Takeaway: The Board may grant a request to file a motion for additional discovery when the facts present more than a mere possibility that the requested discovery will uncover something useful, even if there is ongoing discovery into the same issue in a different proceeding.
In its Order, the Board addressed several issues: (i) it denied Petitioner’s request to file a motion to join another inter partes review (IPR2014-00920) to the current proceedings; (ii) it granted Patent Owner’s request for authorization to file a motion for additional discovery regarding potential real-parties-in-interest; (iii) it provided guidance for Patent Owner’s anticipated motion to amend claims; (iv) it invited Patent Owner to seek authorization to file a motion for observations on cross-examination when that authorization would be timely; and (v) it reminded both parties of the rules governing motions to exclude.
First, the Board addressed petitioner’s request to file a motion for joinder. The Board noted that Patent Owner opposed joinder on the grounds that the issues in the two IPRs are allegedly unrelated, so joinder would not result in efficiency gains for the Board or the parties. The Board declined to authorize Petitioner to file a motion for joinder, but indicated that it would examine the joinder issue further in its consideration of IPR2014-00920.
Second, the Board turned to Patent Owner’s allegations that Petitioner is an indemnitor of two cell carriers, which Patent Owner alleged may be funding or controlling the instant IPR under the terms of the indemnification agreements. Petitioner’s Counsel also indicated that it is currently representing those carriers. Petitioner, however, objected that the parties were currently contesting the same discovery issue in a proceeding in district court. Nevertheless, the Board permitted Patent Owner to file a motion for additional discovery, but cautioned that the authorization to file the motion did not mean the Board would grant it. The Board specified that it will grant motions for additional discovery only if: (1) the request is based on more than a mere possibility of finding something useful; (2) the request does not seek the litigation positions of the other party; (3) the information is not reasonably available through other means; (4) the request is easily understandable; and (5) the request is not overly burdensome to answer.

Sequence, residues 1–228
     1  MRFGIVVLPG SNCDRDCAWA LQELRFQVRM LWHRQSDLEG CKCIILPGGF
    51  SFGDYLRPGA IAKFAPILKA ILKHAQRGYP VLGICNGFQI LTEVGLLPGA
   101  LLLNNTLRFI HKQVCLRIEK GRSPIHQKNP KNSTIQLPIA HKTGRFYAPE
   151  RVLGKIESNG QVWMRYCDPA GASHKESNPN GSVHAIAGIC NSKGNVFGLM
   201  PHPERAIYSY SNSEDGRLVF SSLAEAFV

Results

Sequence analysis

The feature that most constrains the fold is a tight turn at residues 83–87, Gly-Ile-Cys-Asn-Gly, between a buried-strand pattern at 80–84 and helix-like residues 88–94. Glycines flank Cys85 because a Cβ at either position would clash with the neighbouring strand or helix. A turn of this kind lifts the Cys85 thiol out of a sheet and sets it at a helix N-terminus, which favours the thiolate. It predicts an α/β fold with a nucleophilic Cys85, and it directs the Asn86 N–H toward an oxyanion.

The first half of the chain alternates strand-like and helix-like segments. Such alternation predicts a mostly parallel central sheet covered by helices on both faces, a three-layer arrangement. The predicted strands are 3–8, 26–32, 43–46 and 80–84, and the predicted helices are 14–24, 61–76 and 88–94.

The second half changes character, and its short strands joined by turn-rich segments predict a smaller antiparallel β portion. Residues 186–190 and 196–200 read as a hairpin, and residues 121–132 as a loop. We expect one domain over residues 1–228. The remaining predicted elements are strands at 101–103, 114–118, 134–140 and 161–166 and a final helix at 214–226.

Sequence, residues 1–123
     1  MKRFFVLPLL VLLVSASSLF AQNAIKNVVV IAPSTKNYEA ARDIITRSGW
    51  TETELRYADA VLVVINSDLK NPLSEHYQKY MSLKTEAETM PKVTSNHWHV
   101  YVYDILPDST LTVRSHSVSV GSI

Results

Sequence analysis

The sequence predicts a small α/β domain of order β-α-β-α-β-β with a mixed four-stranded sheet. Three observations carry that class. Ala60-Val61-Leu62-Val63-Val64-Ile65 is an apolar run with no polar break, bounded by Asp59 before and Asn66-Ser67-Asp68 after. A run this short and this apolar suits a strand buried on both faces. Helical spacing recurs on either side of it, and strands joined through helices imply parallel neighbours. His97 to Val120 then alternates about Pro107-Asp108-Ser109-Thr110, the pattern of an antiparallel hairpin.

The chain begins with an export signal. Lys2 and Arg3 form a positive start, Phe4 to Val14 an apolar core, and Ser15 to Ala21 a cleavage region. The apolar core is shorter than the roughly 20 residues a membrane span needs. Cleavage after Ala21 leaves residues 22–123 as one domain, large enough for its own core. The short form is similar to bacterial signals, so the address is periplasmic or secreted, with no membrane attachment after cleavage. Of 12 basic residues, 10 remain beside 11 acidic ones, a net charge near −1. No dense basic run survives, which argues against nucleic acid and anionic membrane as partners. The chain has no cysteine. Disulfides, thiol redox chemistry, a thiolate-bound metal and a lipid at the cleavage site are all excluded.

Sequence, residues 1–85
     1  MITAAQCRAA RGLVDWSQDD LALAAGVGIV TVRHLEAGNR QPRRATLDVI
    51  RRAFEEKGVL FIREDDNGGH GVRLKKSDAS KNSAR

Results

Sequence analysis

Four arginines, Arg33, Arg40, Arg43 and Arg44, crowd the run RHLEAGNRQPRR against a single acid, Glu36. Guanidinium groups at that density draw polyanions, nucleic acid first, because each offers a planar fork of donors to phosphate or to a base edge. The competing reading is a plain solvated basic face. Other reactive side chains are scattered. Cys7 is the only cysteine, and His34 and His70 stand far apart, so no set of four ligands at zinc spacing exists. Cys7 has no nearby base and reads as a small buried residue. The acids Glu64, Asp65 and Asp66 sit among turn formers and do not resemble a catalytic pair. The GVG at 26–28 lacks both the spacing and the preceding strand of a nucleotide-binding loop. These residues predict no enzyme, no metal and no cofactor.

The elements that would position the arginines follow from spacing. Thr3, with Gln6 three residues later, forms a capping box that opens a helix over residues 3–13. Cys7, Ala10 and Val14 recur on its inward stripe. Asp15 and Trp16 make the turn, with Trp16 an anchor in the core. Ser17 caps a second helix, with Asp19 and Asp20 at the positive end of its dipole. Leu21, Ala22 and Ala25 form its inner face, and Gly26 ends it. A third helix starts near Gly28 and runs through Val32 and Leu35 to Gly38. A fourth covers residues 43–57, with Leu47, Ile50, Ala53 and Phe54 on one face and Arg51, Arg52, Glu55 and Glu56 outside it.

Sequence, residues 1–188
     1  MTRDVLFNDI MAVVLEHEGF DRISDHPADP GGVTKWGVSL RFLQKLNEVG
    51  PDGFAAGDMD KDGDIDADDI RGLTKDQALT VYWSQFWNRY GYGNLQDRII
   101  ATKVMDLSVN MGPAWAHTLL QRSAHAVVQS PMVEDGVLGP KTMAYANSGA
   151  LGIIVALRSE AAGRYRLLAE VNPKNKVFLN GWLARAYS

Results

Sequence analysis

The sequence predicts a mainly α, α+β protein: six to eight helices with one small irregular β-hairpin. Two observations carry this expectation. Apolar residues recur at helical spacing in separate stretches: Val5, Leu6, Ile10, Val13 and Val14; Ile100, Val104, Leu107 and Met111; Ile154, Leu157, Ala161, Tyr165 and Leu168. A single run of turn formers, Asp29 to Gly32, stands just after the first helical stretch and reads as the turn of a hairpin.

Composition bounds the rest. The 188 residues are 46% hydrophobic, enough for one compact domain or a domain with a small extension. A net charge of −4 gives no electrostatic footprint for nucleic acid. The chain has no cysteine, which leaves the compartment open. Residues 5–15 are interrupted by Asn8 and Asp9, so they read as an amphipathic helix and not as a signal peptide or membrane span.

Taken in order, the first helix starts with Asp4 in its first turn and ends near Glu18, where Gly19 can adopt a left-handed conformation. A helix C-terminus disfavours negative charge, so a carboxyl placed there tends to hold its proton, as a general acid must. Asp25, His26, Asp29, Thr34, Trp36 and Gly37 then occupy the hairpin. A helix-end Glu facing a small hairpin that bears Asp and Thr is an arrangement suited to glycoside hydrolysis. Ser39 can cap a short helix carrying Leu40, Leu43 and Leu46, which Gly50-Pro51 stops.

Third, the Board noted that Patent Owner had indicated its interest in filing a motion to amend claims at some point in the future. The Board instructed Patent Owner that it did not need to obtain authorization to file a first motion to amend. Patent Owner must, however, seek a telephone conference with the panel two weeks in advance of the proposed motion.
Fourth, the Board invited Patent Owner to seek authorization to file a motion for observations on cross-examination testimony of Petitioner’s reply witnesses, provided that Patent Owner must file that request at the appropriate point in the proceeding.
Finally, the Board reminded the parties that a motion to exclude evidence is available to a party wishing to dispute the admissibility of evidence and to preserve a previous objection. Citing Office Patent Trial Practice Guide, 77 Fed. Reg. 48,756, 48,767 (Aug. 14, 2012), the Board reviewed the rules governing motions to exclude. In particular, a party need not receive prior authorization from the Board to file a motion to exclude, but must identify the objections in the record and explain those objections.
Wavemarket, Inc. D/B/A Location Labs v. Locationet Systems, LTD, IPR2014-00199
Paper 28: Order on Conduct of the Proceeding
Dated: June 16, 2014
Before: Kristen L. Droesch, Glenn J. Perry, and Sheriden K. Snedden
Written by: Perry